The Lord’s Prayer v. The Lord’s Prayer

A common criticism of the Book of Mormon is that Joseph Smith was so uncreative that he simply lifted entire portions of the King James Bible and dumped it into the Book of Mormon (and some members wish that Mormon/Joseph Smith went easy on the Isaiah, but it’s good for them in the end). One such “uncreative” passage is when Jesus visits the inhabitants in the Americas and teaches them the Lord’s Prayer as found in Matthew 6. The prayer, along with the Sermon on the Mount, is repeated verbatim by the Savior — or so a lot of people think. There are actually some surprising differences between the King James Lord’s Prayer and the Book of Mormon Lord’s Prayer, and it raises some really interesting questions.

The following is a verse by verse comparison of the two passages:

New Testament Lord’s Prayer Book of Mormon Lord’s Prayer
After this manner therefore pray ye:

Our Father which art in heaven,

Hallowed be thy name.

__________

After this manner therefore pray ye:

Our Father who art in heaven,

hallowed be thy name.

__________

Thy kingdom come.

Thy will be done in earth, as it is in heaven.

__________

Thy will be done on earth as it is in heaven.

__________

Give us this day our daily bread.

__________

This passage is missing in the Book of Mormon.

__________

And forgive us our debts,

as we forgive our debtors.

__________

And forgive us our debts,

as we forgive our debtors.

__________

And lead us not into temptation,

but deliver us from evil:

For thine is the kingdom,

and the power, and the glory,

for ever. Amen.

__________

And lead us not into temptation,

but deliver us from evil.

For thine is the kingdom,

and the power, and the glory,

forever. Amen.

__________

There are two notable omissions in the Book of Mormon Lord’s Prayer (and no additions). The first omission is the line, “Thy kingdom come,” which would make sense as this is post-Resurrection Jesus, and with his Earthly mission fulfilled, the kingdom has, in a sense, already arrived. After all, throughout his entire ministry, Jesus kept telling people that the kingdom of God was at hand. Now, with the kingdom established, the line could be considered no longer necessary (though there are theological/spiritual reasons why we might still need this line in our hearts).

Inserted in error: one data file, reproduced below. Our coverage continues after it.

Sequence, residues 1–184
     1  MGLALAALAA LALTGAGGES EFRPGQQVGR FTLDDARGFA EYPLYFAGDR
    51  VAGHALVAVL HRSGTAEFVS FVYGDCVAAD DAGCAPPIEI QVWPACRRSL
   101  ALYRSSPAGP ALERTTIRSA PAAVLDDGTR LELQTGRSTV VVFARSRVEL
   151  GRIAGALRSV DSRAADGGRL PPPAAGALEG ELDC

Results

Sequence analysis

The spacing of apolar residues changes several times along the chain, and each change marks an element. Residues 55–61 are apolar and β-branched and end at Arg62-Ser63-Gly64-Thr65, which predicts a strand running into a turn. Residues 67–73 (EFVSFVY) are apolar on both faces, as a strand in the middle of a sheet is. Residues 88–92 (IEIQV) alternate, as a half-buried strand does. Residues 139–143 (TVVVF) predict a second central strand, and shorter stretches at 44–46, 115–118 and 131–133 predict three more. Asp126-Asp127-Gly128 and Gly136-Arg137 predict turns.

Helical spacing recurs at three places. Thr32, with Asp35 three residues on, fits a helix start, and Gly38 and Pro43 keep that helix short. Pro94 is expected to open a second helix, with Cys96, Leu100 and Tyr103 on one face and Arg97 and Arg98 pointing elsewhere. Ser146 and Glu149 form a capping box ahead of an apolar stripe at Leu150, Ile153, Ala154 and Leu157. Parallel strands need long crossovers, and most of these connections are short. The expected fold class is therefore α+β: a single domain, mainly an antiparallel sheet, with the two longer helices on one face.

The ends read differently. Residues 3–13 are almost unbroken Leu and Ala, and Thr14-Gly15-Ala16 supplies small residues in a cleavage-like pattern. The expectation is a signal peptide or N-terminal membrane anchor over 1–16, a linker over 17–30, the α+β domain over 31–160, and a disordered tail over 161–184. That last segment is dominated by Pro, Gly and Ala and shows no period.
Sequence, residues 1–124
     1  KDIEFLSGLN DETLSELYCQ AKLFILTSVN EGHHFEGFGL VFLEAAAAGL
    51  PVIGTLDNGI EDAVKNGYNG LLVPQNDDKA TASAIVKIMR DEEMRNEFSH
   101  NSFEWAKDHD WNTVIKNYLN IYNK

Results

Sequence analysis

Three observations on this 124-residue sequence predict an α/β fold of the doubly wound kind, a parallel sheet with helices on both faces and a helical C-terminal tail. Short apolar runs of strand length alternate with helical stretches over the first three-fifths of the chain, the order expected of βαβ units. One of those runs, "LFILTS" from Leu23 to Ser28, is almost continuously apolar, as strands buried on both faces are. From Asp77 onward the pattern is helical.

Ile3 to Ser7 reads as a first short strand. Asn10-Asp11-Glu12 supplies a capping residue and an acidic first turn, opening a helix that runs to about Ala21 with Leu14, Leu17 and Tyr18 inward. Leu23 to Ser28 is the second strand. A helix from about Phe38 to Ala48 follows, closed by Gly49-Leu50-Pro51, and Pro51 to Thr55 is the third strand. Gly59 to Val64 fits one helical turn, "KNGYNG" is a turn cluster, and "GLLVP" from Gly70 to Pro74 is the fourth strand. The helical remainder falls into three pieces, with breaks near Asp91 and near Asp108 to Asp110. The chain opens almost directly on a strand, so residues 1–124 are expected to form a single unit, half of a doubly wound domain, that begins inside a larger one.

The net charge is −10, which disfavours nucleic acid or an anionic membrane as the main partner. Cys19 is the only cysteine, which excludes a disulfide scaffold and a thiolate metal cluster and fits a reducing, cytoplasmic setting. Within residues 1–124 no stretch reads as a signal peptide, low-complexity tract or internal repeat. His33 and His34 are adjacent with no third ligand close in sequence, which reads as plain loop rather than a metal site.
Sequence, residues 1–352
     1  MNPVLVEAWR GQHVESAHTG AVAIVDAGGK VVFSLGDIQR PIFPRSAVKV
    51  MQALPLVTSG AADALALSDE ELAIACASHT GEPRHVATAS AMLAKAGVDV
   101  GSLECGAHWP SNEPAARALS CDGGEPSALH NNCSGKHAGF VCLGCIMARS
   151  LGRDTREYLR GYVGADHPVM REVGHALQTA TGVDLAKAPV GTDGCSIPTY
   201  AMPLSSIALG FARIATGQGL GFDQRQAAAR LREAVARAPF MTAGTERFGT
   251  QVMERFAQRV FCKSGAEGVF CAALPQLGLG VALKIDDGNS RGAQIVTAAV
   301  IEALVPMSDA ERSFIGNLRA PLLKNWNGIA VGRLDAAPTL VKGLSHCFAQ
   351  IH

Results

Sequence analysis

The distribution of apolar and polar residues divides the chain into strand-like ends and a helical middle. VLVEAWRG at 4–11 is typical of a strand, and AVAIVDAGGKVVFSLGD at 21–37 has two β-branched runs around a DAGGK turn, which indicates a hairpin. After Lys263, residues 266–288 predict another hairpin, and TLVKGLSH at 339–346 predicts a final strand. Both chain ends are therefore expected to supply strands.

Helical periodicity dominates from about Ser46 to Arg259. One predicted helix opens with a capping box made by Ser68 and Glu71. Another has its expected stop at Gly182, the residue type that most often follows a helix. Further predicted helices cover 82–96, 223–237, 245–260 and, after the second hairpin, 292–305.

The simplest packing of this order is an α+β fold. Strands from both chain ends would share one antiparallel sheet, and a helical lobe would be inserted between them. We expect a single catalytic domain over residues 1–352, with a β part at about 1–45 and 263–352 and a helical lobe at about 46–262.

The second omission makes less sense. The Book of Mormon Lord’s Prayer makes no mention of asking for our daily bread. Why the omission? Is there something significantly “un-LDS” about asking for our daily bread (I would venture no)? Did Joseph Smith simply forget while writing it down? It’s somewhat of a mystery. This sentiment is certainly not missing entirely from the Book of Mormon. Amulek, a Book of Mormon missionary, preaches a sermon where he implores people to pray for, in essence, their daily bread:

Therefore may God grant unto you, my brethren, that ye may begin to exercise your faith unto repentance, that ye begin to call upon his holy name, that he would have mercy upon you; Yea, cry unto him for mercy; for he is mighty to save. Yea, humble yourselves, and continue in prayer unto him. Cry unto him when ye are in your fields, yea, over all your flocks. Cry unto him in your houses, yea, over all your household, both morning, mid-day, and evening. Yea, cry unto him against the power of your enemies. Yea, cry unto him against the devil, who is an enemy to all righteousness. Cry unto him over the crops of your fields, that ye may prosper in them. Cry over the flocks of your fields, that they may increase. But this is not all; ye must pour out your souls in your closets, and your secret places, and in your wilderness (Alma 34:17-26).